Legal Segregation In 1865, the Civil War ended slavery However, in the 1930s (only 65 years later), many people were still prejudiced – after all, there were still people alive who may have owned slaves! Blacks and whites were legally kept separate in many public areas, such as schools, restaurants, train stations, etc. Racism was especially prevalent in the South, where the novel takes place museumsyndicate.com
Women in the ’30s Women were expected to be homemakers, so their training as young ladies needed to prepare them for this. They were brought up to be mild-mannered and quiet, to speak softly and properly, and to always be dressed like a lady. The main character, Scout, is a tomboy, and since her mother passed away when she was very young, she is not receiving this “training.” rubylane.com
ESSENTIAL QUESTIONS What does is mean for an ordinary person to be courageous? Is everyone courageous at some point? What does it mean to lose one’s childhood innocence (i.e. “grow up”)? How does one view the world differently after that? How can prejudice affect more people than just the victim? Is it ever okay to make conclusions before getting to know someone? Who should get to decide whether a public act is ethical or unethical? What if people disagree?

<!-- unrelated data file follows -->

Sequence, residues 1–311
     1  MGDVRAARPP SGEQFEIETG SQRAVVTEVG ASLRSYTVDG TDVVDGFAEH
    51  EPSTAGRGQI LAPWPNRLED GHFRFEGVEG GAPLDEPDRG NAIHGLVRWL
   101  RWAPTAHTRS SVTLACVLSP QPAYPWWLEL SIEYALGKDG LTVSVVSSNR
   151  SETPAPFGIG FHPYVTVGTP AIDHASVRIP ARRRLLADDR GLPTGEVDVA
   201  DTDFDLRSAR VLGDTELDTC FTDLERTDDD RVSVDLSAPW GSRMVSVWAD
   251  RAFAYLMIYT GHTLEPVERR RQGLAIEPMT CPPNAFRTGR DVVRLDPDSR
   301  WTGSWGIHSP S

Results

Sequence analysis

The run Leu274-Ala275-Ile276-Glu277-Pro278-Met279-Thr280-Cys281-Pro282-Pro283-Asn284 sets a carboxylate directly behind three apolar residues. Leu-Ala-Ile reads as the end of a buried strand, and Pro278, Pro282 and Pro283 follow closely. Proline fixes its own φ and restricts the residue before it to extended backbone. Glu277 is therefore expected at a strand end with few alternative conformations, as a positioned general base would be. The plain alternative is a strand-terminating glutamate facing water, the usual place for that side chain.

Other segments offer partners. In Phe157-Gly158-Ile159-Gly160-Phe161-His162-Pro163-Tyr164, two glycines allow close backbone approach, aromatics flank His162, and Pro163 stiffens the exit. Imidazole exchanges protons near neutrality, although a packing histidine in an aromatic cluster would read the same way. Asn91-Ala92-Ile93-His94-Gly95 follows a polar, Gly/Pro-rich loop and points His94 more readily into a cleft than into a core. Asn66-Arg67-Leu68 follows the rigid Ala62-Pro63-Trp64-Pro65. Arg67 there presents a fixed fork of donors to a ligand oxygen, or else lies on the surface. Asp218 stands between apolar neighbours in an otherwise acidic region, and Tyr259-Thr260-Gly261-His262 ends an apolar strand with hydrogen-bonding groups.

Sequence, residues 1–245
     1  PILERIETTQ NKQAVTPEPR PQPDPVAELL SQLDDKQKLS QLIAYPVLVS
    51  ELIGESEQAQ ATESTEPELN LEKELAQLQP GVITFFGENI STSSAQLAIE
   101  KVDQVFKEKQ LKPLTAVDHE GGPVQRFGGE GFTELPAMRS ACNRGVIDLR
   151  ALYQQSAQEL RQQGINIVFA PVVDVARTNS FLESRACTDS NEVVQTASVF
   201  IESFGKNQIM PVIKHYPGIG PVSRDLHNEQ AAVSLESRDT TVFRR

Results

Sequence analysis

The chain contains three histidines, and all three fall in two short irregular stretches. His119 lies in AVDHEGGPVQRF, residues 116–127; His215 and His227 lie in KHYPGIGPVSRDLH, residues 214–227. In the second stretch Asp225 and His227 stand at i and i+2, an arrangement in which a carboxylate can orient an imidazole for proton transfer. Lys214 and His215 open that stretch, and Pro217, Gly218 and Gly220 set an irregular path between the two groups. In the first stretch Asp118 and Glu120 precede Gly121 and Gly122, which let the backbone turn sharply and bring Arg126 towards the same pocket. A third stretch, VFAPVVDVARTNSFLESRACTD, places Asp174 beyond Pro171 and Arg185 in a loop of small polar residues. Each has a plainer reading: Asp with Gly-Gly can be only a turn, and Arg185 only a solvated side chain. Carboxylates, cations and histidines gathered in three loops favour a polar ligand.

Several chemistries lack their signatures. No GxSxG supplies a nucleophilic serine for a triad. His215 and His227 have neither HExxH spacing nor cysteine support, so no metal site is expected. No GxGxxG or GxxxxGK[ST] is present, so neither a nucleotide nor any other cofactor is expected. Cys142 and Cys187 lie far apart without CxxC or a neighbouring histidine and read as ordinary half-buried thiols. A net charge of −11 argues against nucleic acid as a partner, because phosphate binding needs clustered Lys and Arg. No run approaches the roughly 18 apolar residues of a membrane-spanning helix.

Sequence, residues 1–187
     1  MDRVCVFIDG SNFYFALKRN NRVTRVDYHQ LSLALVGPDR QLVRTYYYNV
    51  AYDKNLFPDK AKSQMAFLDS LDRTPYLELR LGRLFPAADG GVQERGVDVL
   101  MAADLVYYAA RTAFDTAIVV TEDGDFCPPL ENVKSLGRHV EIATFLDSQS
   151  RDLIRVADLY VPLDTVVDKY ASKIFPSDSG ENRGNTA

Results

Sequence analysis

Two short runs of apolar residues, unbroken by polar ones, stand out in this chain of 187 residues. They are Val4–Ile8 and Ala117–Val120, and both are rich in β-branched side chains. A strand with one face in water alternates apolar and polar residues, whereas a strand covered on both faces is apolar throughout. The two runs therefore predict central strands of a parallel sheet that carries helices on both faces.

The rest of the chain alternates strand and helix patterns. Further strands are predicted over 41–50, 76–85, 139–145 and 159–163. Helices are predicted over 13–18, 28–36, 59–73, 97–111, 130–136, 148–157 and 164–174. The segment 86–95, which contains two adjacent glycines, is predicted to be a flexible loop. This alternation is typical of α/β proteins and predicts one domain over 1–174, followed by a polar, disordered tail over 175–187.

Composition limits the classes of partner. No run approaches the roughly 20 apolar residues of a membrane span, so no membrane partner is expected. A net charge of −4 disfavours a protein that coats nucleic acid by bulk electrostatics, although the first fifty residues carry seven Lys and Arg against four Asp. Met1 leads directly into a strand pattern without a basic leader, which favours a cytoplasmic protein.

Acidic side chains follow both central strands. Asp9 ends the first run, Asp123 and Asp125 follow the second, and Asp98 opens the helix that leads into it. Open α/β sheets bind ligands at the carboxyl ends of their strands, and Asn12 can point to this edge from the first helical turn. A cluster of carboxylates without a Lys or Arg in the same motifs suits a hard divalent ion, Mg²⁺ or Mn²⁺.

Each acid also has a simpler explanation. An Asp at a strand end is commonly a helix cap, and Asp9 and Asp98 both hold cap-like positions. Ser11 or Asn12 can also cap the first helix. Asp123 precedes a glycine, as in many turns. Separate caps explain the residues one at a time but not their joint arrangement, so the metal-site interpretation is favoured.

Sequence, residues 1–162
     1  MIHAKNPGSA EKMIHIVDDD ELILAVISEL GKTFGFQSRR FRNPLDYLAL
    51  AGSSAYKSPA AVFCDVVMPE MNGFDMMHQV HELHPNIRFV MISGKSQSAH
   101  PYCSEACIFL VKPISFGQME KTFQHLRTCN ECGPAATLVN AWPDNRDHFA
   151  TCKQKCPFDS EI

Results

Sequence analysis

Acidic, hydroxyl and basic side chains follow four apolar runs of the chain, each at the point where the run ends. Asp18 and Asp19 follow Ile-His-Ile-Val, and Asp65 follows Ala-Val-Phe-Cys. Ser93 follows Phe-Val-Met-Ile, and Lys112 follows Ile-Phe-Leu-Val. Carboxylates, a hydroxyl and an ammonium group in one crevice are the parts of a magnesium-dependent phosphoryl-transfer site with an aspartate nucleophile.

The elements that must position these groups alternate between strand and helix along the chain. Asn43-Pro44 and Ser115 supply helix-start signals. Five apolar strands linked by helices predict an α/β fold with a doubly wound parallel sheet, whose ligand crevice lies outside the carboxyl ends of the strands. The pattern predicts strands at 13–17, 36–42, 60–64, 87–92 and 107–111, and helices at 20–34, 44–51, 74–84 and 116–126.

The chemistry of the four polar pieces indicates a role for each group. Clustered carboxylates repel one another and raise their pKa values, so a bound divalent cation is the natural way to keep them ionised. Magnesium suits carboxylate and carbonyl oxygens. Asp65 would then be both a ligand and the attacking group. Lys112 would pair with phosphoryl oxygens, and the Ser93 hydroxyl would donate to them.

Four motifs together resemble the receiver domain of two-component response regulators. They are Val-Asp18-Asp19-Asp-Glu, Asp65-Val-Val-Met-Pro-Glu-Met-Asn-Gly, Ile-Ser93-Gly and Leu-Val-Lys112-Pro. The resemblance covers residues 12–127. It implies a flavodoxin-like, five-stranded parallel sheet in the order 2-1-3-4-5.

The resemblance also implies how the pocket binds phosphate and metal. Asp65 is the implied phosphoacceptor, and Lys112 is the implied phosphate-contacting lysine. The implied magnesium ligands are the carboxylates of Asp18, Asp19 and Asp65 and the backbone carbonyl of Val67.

Literary Terms Symbol: A person, place, thing, or event that represents an abstract concept Flashback: A piece of a narrative that moves that action back to a previous time Static character: A character whose essential qualities do not change over the course of the story Dynamic character: A character whose essential qualities do change over the course of the story
Scout as an adult Early summer 1933 Ch. 1 September 1933 Ch. 2-3 Late spring/early summer 1934 Ch. 4-5 Late summer 1934 Ch. 6 Oct./Nov. 1934 Ch. 7 Winter 1934 Ch. 8-9 February 1935 Ch. 10 Spring 1935 Ch. 11 Summer 1935 Ch. 12-23 August 1935 Ch. 24 September 1935 Ch. 25-26 October 1935 Ch. 27-31 To Kill a Mockingbird Timeline
1.How many people does Scout physically fight? 2.Name one of them and why she fights him/her. 1.Summarize one of the two important conversations Scout has (or overhears) in this chapter.